Local agencies mobilize Click It or Ticket enforcement

From May 19 to June 1, state and local law enforcement agencies are stepping up enforcement to catch motorists who aren’t wearing their seat belts.

The 2014 Click It or Ticket national enforcement mobilization is taking place all across the nation. Whether motorists live in a city, the suburbs, or a rural area, area, law enforcement will be out in force to ensure that seat belts are being worn.

Wearing a seat belt is a serious issue. For the first time in five years, fatalities for unrestrained passenger vehicle occupants have gone up. In 2012, there were 10,335 unbuckled passenger vehicle occupants who died. Because of these fatalities, cops are stepping up enforcement and cracking down on those who don’t wear their seat belts.

According to the Greenwich Police Department, the data is telling that wearing seat belts saves lives. In 2012, seat belts saved an estimated 12,174 people from dying. From 2008 to 2012, seat bells saved nearly 63,000 lives. In 2012, 3,031 additional lives could have been saved if all unrestrained passenger vehicle occupants five and older involved in fatal crashes had worn their seat belts.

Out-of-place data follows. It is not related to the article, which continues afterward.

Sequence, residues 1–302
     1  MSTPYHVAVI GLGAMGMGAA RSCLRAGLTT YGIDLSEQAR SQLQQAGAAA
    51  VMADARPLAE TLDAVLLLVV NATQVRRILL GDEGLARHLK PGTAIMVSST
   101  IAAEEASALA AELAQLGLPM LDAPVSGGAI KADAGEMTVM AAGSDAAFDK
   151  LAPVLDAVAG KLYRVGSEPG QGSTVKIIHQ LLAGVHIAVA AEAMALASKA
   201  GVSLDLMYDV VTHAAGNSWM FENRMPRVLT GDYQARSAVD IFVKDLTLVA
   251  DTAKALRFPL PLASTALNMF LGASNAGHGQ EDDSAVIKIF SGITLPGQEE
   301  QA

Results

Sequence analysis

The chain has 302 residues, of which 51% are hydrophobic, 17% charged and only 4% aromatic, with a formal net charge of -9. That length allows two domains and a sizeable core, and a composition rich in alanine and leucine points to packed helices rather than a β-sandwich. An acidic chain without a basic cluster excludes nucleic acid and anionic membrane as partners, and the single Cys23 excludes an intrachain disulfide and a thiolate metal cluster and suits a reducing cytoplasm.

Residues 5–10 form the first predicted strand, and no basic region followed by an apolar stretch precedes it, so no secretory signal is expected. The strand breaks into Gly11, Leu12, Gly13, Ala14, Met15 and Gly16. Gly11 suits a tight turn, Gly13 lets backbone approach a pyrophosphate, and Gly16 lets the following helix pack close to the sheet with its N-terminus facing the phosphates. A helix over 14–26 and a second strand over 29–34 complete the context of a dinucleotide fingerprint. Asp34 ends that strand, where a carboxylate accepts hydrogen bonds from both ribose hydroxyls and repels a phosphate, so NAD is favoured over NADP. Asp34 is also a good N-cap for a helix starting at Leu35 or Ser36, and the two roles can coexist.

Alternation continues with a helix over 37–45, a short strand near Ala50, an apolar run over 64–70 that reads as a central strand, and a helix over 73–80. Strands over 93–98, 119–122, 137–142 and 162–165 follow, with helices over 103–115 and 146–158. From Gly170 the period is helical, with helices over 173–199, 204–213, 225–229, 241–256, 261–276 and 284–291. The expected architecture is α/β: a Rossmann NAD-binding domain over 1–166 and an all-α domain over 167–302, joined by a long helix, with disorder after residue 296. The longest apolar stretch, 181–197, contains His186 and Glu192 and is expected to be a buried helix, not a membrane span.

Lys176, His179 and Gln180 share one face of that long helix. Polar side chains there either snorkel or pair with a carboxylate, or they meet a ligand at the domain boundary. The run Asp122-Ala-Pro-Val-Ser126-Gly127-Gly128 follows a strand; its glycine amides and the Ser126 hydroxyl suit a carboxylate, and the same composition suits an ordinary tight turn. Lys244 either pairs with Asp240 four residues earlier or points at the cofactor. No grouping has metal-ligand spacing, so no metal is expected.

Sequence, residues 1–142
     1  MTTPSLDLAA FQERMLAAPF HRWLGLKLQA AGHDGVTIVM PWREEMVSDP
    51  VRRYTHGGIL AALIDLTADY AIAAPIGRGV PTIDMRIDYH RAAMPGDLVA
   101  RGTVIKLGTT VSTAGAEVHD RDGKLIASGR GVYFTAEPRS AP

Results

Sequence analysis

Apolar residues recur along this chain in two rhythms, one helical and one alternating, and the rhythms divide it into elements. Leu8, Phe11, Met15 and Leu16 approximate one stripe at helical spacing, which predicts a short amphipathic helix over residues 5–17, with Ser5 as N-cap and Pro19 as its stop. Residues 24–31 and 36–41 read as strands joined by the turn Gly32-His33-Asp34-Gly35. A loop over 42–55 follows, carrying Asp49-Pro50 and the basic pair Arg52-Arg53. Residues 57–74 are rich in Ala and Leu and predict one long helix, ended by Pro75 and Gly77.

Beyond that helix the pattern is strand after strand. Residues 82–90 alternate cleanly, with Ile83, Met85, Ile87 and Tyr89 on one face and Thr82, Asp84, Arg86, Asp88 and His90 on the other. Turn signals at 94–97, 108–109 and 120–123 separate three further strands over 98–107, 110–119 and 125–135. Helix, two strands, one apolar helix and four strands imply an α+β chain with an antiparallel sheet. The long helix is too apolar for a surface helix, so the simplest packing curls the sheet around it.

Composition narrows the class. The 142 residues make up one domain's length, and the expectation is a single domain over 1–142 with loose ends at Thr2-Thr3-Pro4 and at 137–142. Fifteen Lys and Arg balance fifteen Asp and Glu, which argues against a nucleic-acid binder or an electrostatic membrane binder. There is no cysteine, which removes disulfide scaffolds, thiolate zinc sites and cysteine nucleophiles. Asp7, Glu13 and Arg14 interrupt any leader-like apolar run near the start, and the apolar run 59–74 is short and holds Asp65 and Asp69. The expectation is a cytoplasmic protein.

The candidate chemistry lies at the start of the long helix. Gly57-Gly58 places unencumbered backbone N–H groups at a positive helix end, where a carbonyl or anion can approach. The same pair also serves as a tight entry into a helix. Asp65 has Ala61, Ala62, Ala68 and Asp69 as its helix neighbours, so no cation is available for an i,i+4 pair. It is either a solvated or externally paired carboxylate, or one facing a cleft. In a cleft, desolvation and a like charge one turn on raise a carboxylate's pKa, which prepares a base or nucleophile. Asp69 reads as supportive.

Young adults are dying at a disproportionate rate because they are not wearing their seat belts. Sixty-two percent of 18- to 34-year-old passenger vehicle occupants killed in crashes were not wearing their seat belts.

Those who drive and ride in pickup trucks may think that their large vehicle will protect them more than other vehicles in a crash. This false sense of security may cause them to not wear their seat belts, but the stats show that this bravado is misplaced; 66% of pickup truck occupants who were killed were not buckled up. That’s compared to 45% of car occupants who were killed while not wearing their seat belts.

In addition, more men than women die every year in motor vehicle traffic crashes. In 2012, 65% of the 21,667 passenger vehicle occupants killed were men. Men also wore their seat belts less than women in fatal clashes; 56 percent of men were unrestrained, compared to 43%t for women.

In response, there is a nationwide call to mobilize on ensuring seat belt safety. Local law enforcement officers are on the lookout for those not wearing their seat belts — at any time of day. Police officers are even trained to spot seat belt violations at night.

To learn more about the Click It or Ticket mobilization, visit Nhtsa.gov/ciot.

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